Algae Explosion in Lower River Inspires New Calls for Runoff Reduction

Recent blue-green algae blooms are unnatural and unhealthy for people, pets, and the river.

Algae bloom at Kinnickinnic River Beach on the St. Croix River

Algae bloom at Kinnickinnic River Beach, photo taken August 11, 2013 (courtesy MN DNR)

Boaters on Lake St. Croix have seen the river turn the color of antifreeze this month. Bright green algae has been spotted in the last several miles of the river above its confluence with the Mississippi.

Such algae can be harmful to people and animals. While most people wouldn’t get in water looking like that, it’s important to make sure pets stay away.

The algae is the result of too many nutrients in runoff from fields, streets, lawns, and wastewater treatment plants. Water like this is why the St. Croix has been designated as an impaired river. Deb Ryun, executive director of the St. Croix River Association, said the algae is an issue which must be addressed.

“Green water in August is not  ‘normal,’ as some have come to  think,” Ryun said. “We can and should do better, which is why it’s so important we work collaboratively to improve the water in Lake St. Croix. The floating algae matts are a risk to human health and recreation like boating and fishing, and businesses in the area, suffer along with the health of our beloved river.”

Those collaborative efforts to reduce the runoff are picking up steam. For example, conservation districts and land-owners are working together to fix gullies eroding farm fields, cities are upgrading or building new wastewater treatment plants, and communities are installing rain gardens.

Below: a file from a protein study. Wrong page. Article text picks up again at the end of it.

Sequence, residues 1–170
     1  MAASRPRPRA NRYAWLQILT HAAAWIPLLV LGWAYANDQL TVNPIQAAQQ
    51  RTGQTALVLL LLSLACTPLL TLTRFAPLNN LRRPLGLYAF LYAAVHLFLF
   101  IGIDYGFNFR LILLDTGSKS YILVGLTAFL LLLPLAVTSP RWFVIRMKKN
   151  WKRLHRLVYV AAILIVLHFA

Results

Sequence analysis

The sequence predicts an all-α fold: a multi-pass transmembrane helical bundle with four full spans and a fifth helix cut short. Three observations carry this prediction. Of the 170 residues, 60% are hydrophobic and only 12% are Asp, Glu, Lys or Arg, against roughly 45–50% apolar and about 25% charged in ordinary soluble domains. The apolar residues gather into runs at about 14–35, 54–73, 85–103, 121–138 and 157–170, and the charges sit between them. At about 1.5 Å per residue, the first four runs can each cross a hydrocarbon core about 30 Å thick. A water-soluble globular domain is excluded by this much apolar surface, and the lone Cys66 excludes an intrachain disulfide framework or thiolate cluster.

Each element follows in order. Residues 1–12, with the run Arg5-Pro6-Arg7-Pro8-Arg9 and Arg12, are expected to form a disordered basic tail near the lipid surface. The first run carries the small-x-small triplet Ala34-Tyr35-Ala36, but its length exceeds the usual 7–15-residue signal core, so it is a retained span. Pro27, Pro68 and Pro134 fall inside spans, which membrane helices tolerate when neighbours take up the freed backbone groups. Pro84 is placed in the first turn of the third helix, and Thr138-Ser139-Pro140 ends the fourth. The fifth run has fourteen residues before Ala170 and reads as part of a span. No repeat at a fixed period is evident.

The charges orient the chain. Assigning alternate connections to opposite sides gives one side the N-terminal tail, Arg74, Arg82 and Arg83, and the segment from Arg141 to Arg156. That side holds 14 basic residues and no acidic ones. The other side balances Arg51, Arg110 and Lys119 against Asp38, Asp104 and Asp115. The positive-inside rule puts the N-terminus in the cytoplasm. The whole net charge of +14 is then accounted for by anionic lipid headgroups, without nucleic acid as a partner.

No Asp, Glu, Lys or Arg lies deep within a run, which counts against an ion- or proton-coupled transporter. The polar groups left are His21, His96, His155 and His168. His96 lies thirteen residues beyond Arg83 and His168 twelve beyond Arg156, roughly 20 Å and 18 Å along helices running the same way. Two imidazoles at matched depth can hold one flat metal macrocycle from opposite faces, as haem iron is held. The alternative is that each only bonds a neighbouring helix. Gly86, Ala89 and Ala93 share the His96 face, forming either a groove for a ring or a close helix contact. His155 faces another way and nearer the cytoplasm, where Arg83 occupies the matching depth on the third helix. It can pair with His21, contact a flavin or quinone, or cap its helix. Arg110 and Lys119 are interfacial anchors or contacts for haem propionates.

But as the photo above illustrates, we still have work to do.

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Comments

  1. Willy53 says

    That’s disgusting. It is precisely because of this impairment that the absurd scope of the new St. Croix Crossing was opposed. The bridge will increase the concrete runnoff surface and the inclusion of heavy metals in the impairment soup. It will cause runnoff to be warmed up both directly on the concrete and in the holding ponds that serve to hold sediment. This runoff impact of a bridge too large is exactly what the Wild and Scenic Rivers Act was designed to prevent. In addition, the bridge will likely stimulate damaging sprawl type development in Wisconsin which will further diminish runnoff quality into Lake St. Croix.

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